The spring 2017 meeting of the EPaDel section of the MAA was held **April 1, 2017** at **Kutztown University**.

Time | Event |
---|---|

8:30 - 10:45 | RegistrationBoehm Lobby |

8:30 - 3:45 | Silent AuctionBoehm Lobby |

8:30 - 9:20 | Light Breakfast ReceptionBoehm Lobby |

9:20 - 9:30 | Welcoming RemarksBoehm 145 |

9:30 - 10:25 | Dominic Klyve (Central Washington University)Mathematical Fights! The Seedy Underbelly of Mathematical HistoryBoehm 145 |

10:25 - 10:30 | Group PhotoStairs outside Boehm |

10:30 - 10:50 | Coffee BreakBoehm Lobby |

10:50 - 11:45 Concurrent sessions |
Robert Ghrist (University of Pennsylvania)Teaching Calculus in the Internet AgeBoehm 145 |

Student Competition McFarland Student Union 223 | |

11:45 - 12:00 | Section Awards & Business MeetingBoehm 145 |

12:00 - 1:20 | Lunch & Table DiscussionsMcFarland Student Union 218 |

1:20 - 2:50 Concurrent sessions |
Faculty Contributed Paper Sessions Lytle 218 & 228 |

Student Contributed Paper Sessions Lytle (see schedule for rooms) | |

Workshop by Dominic Klyve (Central Washington University) and Nick Scoville (Ursinus College)Teaching Mathematics with Primary Historical SourcesLytle 214 | |

3:00 - 3:55 | Ben Galluzzo (Shippensburg University)Fact Checking with ModelingBoehm 145 |

3:55 - 4:55 | Reception & Silent Auction Winner AnnouncementBoehm Lobby |

4:25 - 4:55 | Workshop by Eugene Fiorini (Muhlenberg College)Writing a Successful Grant Proposal (or Give Me the Money)Sponsored by Section NExT Boehm 145 |

**Dominic Klyve**(Central Washington University)*Mathematical Fights! The seedy underbelly of mathematical history*- Although students are often led to believe that mathematics is a purely rational, unemotional, and orderly field of study, history shows that this is often not the case. This talk will discuss some of the greatest fights in the history of mathematics. We will hear stories of friendships destroyed and national rivalries heightened because of disagreements about underlying mathematics. We will consider what these fights teach us about the nature of mathematics, and we will learn some interesting math on the way.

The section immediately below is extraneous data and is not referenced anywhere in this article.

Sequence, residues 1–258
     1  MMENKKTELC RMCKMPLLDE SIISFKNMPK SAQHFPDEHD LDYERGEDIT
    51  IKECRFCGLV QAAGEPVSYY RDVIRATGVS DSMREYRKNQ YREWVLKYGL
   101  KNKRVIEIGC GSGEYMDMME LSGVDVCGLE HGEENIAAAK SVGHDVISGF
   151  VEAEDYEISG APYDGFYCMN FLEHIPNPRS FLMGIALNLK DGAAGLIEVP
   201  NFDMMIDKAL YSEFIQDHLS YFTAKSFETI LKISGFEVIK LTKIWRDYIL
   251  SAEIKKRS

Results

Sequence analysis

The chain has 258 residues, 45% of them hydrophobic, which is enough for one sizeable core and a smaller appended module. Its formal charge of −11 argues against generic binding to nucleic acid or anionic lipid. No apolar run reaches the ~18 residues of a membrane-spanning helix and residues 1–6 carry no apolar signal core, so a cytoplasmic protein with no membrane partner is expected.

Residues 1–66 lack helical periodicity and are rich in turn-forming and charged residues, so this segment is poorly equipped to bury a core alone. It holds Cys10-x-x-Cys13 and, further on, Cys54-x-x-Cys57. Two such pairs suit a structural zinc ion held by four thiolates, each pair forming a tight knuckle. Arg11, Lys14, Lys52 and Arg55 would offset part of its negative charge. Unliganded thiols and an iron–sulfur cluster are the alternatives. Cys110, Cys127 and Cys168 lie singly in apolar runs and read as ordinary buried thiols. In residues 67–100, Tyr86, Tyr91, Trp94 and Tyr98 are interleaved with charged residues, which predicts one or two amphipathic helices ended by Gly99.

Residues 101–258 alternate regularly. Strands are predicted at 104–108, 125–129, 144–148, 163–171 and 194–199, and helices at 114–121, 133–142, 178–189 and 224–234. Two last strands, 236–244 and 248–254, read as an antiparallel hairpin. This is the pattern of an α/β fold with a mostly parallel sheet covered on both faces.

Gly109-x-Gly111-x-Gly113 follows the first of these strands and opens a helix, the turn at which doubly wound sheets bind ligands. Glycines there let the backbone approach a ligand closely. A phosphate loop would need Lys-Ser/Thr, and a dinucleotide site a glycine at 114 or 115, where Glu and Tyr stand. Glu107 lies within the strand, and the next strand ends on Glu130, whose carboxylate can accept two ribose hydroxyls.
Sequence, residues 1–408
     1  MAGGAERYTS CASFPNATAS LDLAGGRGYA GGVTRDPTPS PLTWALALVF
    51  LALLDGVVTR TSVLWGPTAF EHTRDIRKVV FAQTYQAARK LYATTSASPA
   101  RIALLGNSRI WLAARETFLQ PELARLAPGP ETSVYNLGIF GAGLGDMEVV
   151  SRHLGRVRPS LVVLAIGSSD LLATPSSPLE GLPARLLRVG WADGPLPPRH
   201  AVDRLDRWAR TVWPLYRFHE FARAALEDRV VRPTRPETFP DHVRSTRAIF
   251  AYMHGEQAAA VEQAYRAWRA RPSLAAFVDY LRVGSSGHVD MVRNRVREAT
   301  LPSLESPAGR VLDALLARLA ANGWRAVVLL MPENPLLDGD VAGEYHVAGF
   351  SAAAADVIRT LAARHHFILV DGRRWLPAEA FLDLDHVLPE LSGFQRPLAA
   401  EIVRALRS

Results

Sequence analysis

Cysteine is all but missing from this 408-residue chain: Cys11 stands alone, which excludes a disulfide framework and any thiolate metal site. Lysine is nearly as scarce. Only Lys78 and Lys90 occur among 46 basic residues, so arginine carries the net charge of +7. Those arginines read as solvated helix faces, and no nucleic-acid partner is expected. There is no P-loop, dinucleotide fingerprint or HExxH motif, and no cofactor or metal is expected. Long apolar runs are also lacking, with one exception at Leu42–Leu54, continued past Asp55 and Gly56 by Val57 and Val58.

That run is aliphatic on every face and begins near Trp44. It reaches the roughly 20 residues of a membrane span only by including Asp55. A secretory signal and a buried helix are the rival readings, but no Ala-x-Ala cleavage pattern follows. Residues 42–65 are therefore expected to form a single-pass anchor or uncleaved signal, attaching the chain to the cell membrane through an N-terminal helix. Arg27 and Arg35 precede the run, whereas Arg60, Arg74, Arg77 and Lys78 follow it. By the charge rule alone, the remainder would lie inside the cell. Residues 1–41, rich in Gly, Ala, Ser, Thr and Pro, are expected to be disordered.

- Dominic Klyve (KLEE-vee) is an Associate Professor of Mathematics at Central Washington University. He is the author of more than 35 papers in number theory, the history of mathematics and science, and applied statistics – several of which have been co-authored with his students. An expert in eighteenth century science, he has written on the mathematics, astronomy, biology, linguistics, and philosophy of the period. He has spoken on the history of math and science across the country and around the world. In 2014 the MAA selected Dominic Klyve with the Alder Award, a national teaching award for young faculty who have a demonstrated impact within and beyond the classroom.

**Robert Ghrist**(University of Pennsylvania)*Teaching Calculus in the Internet Age*- What will calculus instruction look like in the (near) future, when it becomes easy to learn what you need on-demand on-line? This talk will speculate on what challenges exist and what opportunities are at hand to improve what we teach and how.
- Robert Ghrist (Ph.D., Cornell, Applied Mathematics, 1995) is the Andrea Mitchell PIK Professor of Mathematics and Electrical & Systems Engineering at the University of Pennsylvania. He is a recognized leader in the field of Applied Algebraic Topology, with publications detailing topological methods for sensor networks, robotics, signal processing, tracking, network discovery, and more. He is the author of a leading textbook on the subject (Elementary Applied Topology, 2014). His prior work in leading the DARPA DSO SToMP project and participating in several DoD MURIs is complemented by NSF CAREER, NSF PECASE, SciAm50, and Vannevar Bush Faculty Fellow awards. Ghrist is also a dedicated expositor and communicator of Mathematics, with teaching awards that include the MAA James Crawford Prize, Penn's Lindback Award, and the S. Reid Warren award in Engineering at Penn. Ghrist is the author and animator of a popular MOOC on Calculus at Coursera, featured in the New York Times, BoingBoing, and Gizmodo.